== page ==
ITER, which will be the world’s largest tokamak thermonuclear reactor (see ‘A fusion of ideas’), is being built in St-Paul-lez-Durance in southern France by the European Union, China, India, Japan, South Korea, Russia and the United States at a cost of €15 billion (US$20.3 billion). Q ≥ 10 is seen as its raison d’être, and achieving it would be likely to revitalize public and political interest in fusion. Crucial to that is getting to the point, scheduled for 2027, when the first nuclear fuel would be injected into the reactor. The fuel will be a plasma of two heavy hydrogen isotopes, deuterium and tritium (DT).

The original 2010 research plan foresaw the entire reactor being built by 2020, when ITER was also scheduled to produce its first plasma, using hydrogen as a test fuel. But cost-cutting and cash-flow problems in member states mean that while the reactor is likely to be operating by then, the delivery of some parts is being deferred until several years later. These include some diagnostics devices for analysing the physics of plasmas at the very large scales of ITER, and elements of the heating system that will eventually take the plasmas to 150,000,000 °C.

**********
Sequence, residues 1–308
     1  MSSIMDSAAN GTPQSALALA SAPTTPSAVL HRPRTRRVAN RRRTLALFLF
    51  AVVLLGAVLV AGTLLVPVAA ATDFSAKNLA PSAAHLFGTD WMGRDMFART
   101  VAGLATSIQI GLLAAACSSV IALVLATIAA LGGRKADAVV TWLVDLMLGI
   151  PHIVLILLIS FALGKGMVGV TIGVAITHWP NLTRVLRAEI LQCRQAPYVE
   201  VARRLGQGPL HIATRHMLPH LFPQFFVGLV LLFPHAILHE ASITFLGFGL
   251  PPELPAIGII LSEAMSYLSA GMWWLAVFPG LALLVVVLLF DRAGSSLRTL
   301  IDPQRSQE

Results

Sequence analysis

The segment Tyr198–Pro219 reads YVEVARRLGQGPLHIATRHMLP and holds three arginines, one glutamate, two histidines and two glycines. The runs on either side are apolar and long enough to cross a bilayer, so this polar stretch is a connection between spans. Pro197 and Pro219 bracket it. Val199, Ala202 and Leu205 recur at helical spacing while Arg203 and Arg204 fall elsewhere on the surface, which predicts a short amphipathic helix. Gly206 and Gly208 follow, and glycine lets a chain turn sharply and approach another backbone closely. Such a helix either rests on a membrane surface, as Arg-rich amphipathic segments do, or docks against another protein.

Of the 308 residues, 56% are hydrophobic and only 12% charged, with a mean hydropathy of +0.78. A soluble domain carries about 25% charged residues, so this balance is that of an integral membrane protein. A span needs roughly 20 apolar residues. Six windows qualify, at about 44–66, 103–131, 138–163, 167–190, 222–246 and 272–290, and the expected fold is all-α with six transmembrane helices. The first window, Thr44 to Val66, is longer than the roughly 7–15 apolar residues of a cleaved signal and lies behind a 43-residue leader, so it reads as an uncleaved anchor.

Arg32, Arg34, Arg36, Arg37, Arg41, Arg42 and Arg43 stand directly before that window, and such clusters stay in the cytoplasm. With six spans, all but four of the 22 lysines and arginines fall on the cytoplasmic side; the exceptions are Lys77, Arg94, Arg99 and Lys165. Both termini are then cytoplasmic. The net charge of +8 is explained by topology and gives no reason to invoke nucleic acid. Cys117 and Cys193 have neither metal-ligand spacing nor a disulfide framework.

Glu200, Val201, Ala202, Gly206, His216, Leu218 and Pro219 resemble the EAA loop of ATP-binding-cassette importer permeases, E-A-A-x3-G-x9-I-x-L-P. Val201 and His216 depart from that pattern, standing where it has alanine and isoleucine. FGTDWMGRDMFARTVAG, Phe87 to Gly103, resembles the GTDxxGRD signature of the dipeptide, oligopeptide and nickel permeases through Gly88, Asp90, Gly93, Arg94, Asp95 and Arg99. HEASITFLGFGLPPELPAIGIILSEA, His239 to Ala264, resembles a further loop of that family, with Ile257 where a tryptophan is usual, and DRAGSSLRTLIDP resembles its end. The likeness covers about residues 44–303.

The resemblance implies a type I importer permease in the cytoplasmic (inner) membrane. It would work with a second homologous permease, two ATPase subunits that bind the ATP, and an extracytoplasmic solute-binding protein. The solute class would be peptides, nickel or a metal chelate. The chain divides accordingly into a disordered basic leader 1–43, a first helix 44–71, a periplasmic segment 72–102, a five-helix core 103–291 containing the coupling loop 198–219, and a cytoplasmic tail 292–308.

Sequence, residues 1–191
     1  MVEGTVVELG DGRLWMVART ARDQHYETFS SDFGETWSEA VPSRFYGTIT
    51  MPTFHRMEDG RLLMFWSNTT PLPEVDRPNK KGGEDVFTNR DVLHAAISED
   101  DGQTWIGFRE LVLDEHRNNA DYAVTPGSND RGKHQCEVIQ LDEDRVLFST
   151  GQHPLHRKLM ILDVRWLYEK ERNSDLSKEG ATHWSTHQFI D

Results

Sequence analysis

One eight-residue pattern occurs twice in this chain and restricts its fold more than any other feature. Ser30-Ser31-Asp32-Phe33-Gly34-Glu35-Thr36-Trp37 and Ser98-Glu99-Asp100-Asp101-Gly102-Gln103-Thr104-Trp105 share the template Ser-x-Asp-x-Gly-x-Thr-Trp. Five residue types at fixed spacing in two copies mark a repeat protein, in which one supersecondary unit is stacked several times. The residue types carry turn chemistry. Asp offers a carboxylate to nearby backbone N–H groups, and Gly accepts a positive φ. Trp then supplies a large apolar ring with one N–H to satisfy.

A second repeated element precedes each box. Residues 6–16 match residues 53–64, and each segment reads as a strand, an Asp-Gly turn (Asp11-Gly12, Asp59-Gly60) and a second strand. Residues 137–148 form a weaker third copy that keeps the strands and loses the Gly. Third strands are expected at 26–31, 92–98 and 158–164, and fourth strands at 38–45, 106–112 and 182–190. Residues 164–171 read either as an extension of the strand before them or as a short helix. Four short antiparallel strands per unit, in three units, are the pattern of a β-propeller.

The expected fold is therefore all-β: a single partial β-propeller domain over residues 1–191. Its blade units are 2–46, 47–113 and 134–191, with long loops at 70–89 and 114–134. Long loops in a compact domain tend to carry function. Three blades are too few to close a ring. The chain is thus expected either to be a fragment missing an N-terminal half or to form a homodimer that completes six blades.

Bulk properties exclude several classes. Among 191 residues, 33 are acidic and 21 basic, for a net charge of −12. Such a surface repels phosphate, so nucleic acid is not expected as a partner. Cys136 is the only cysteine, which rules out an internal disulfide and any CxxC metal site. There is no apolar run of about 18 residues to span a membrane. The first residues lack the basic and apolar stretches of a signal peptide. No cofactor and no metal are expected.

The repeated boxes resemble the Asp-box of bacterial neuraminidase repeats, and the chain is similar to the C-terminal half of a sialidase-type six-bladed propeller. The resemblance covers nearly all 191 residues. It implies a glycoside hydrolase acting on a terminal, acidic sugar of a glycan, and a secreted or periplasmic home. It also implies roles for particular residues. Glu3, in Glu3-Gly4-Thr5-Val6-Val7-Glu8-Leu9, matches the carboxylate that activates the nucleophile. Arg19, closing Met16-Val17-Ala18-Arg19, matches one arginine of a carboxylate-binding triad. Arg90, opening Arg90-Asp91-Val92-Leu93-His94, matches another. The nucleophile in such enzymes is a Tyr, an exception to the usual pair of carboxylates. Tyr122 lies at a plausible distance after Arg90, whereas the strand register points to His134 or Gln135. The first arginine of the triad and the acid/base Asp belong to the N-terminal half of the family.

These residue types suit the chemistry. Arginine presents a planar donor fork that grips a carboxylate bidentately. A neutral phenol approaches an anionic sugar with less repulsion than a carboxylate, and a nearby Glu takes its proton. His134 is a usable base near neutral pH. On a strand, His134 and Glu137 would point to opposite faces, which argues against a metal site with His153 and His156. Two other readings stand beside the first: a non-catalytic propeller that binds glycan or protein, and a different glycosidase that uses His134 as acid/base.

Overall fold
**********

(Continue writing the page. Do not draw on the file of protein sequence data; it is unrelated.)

“The plan was that everything would be procured and installed before first plasma, and then we would go straight into operation with a full set of systems,” says David Campbell, head of ITER’s plasma directorate. Instead, researchers will start with an initial set of instruments and systems, with others added later as upgrades. One of the main aims of the STAC meeting was for ITER to learn what elements of the research programme were essential to keeping it on track to reach DT phase and Q ≥ 10 on schedule. A local plant that will produce tritium, for example, is one key element.